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Old 09-10-2009, 06:50 AM
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Quote:
Originally Posted by Classof58 View Post
My sincere thanks for the response. I know it may be foolish to put a lot of time/money into an older unit but I'd like to at least take a crack at it before kicking it out to the curb.

Do you know the name of the aluminum epoxy I would need? Would a plumbing supply house have this? Would my freon system already have the "self piercing valve or soldered on valve" needed or would this have to be installed? Best of my knowledge, the sealed system has never needed service before.

For that matter, I can't remember anything on this unit ever needing service before....they sure don't build 'em like that anymore, which is a main reason why I'd like to hang on to this one if at all possible.

As for how it happened, it was an impatient person (family member) who put a (metal) ice tray in without wax paper under it, and then resorted to "incredible hulk" measures to get it unstuck from the floor when it was time to get the ice cubes out. Kids, ya just got to love them...


Thanks again for the response, your time and expertise is much appreciated.

-Mike
A local appliance parts house would have it. It's also available through this site. I've got pic's and a part #'s below listed for you that you would need. Some of the older units had a built in valve, but you had to have a special tool to utilize it. You'd be better off with the below listed valve, which would go on the low side( suction line or process stub). The filter drier I've listed has a valve built into it which will work for the high side.

Besides these items, you'll need a vacumn pump, a set of gauges, torches and of course some freon to recharge it. The freon part may be an issue. Most part houses will probably require you to show a refrigeration certification card prior to selling it to you. You might get lucky at a auto parts store.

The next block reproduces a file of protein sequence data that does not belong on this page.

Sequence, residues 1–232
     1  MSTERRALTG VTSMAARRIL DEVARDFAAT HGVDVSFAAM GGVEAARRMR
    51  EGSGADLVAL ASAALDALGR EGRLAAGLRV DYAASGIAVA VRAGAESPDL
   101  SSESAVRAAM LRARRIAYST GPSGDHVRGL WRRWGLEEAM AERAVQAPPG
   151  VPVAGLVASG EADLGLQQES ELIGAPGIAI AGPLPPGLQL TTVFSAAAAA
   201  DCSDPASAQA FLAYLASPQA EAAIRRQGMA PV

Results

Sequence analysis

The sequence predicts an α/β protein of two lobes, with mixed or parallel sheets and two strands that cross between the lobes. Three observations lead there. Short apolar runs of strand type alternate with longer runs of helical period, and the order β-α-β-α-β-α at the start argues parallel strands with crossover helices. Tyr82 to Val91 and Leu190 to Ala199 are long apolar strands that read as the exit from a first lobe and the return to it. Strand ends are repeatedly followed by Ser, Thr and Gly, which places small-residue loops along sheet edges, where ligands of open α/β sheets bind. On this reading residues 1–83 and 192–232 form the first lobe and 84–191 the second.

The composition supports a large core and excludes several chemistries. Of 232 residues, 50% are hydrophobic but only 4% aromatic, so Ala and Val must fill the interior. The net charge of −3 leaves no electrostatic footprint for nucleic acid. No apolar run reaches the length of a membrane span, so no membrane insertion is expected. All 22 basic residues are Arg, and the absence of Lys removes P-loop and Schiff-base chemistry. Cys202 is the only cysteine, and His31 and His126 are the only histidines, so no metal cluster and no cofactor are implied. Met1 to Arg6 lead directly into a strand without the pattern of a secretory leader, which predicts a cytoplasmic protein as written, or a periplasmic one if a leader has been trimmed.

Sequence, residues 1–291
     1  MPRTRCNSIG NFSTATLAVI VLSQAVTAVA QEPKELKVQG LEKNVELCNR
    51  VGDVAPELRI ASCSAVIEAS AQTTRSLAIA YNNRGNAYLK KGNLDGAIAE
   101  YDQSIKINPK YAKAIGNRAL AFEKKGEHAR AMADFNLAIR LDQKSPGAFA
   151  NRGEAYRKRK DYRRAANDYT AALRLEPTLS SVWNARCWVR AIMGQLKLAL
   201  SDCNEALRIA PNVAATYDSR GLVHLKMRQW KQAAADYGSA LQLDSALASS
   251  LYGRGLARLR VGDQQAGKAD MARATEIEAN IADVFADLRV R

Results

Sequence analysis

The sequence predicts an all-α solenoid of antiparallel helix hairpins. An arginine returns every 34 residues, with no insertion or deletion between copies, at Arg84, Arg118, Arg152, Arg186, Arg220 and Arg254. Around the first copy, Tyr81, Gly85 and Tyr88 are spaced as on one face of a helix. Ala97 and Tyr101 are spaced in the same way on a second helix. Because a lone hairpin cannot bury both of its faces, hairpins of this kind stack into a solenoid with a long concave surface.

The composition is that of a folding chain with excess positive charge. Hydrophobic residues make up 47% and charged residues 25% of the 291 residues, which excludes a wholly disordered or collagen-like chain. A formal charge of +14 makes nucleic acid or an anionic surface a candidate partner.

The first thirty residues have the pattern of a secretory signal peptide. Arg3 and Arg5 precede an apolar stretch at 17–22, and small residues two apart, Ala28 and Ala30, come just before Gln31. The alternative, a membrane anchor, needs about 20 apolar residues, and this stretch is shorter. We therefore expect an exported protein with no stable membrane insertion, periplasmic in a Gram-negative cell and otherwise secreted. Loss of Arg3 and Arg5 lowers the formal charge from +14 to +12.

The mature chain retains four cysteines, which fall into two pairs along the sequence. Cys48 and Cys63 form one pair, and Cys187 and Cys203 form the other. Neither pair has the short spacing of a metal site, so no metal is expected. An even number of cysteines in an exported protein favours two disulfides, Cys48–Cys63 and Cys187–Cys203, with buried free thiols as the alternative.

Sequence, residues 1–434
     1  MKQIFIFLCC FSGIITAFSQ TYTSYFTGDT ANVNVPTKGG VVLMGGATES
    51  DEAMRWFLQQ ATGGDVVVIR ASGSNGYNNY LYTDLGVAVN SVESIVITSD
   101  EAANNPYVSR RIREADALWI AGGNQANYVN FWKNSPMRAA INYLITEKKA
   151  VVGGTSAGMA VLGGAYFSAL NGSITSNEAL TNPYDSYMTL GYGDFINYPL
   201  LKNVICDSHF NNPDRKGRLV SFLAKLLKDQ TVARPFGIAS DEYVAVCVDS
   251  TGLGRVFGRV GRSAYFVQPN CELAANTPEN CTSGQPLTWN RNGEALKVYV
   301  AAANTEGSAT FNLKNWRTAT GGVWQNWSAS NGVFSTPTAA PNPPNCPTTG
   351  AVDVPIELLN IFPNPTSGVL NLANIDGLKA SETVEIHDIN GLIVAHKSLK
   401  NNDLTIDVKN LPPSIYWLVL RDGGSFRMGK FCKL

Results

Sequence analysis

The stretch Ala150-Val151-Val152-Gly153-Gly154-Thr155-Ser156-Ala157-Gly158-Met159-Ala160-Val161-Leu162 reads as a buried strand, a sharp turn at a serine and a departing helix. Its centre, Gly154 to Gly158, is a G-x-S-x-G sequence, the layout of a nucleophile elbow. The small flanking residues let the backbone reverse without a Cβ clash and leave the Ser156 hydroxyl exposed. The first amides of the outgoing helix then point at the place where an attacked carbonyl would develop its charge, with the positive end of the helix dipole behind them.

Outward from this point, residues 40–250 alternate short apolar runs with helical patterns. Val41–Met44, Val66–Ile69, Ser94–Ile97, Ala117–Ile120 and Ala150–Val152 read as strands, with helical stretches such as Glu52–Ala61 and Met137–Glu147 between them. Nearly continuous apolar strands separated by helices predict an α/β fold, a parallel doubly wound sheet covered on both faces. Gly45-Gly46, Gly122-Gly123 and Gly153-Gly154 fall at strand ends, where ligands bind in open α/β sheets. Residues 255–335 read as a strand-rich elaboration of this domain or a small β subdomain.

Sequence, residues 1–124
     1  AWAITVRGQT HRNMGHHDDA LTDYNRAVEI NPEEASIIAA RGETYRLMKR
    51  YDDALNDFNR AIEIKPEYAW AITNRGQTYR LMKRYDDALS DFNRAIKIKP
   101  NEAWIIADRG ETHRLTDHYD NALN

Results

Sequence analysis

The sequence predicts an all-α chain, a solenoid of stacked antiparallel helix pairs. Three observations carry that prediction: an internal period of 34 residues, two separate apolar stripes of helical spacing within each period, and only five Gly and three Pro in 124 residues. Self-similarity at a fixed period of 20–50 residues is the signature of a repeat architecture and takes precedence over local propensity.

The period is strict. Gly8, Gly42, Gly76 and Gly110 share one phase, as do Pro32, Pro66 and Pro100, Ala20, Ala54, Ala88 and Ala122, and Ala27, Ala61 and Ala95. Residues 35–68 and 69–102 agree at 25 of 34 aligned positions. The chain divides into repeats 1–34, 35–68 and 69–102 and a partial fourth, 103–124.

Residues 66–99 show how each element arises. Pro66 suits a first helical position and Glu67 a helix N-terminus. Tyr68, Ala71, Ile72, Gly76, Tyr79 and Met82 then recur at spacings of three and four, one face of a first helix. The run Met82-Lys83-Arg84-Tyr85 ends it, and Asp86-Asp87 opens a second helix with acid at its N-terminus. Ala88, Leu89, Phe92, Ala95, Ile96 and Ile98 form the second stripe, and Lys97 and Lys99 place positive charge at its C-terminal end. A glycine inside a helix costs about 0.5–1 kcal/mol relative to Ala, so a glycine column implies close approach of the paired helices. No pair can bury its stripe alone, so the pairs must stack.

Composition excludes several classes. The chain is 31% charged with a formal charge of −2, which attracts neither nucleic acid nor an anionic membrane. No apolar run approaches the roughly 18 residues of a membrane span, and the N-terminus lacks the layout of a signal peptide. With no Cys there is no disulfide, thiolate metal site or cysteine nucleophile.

If you have a buddy, or know someone in the business that would be willing to help you out, that would sure be a plus. Not to be discouraging, but if you've never attempted something like this it's not really a simple DIY project.



Part number: AP3554489

Part number: AP3554489


Part number: AP3537974

Part number: AP3537974


Part number: AP3515728

Part number: AP3515728
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Old 09-12-2009, 07:22 AM
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Frank- My sincere thanks again for all your help. I'm going to try to procure the needed parts locally today, if not I'll order them thru the site....with a little luck, she might be up and running again.

BTW, I agree 100% that this is not a project for a DIYer such as myself (I've been wrenching cars all my life but have never done anything to the fridge but defrost it and change the light bulb) but I've already had three techs come to the house (and spoken to 4 or 5 others over the phone) and all of them simply refused to work on my 'fridge, not because of the extent of the damage, but because it's "too old".

Nevermind that it's cleaner inside than most new ones, or that it was running perfectly until last week.....the minute I say "1958 Frigidaire" the conversation is pretty much over and done. A shame, IMO....those pre-NAFTA, pre-EPA, pre-"planned obsolencence" consumer products we used to buy had a level of built-in quality and reliability that we shall not see again.